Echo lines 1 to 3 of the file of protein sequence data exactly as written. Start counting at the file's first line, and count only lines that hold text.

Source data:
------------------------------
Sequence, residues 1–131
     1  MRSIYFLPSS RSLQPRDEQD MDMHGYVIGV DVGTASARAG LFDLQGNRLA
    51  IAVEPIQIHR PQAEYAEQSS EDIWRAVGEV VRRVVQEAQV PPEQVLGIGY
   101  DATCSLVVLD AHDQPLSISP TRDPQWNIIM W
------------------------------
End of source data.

Sequence, residues 1–131
     1  MRSIYFLPSS RSLQPRDEQD MDMHGYVIGV DVGTASARAG LFDLQGNRLA
    51  IAVEPIQIHR PQAEYAEQSS EDIWRAVGEV VRRVVQEAQV PPEQVLGIGY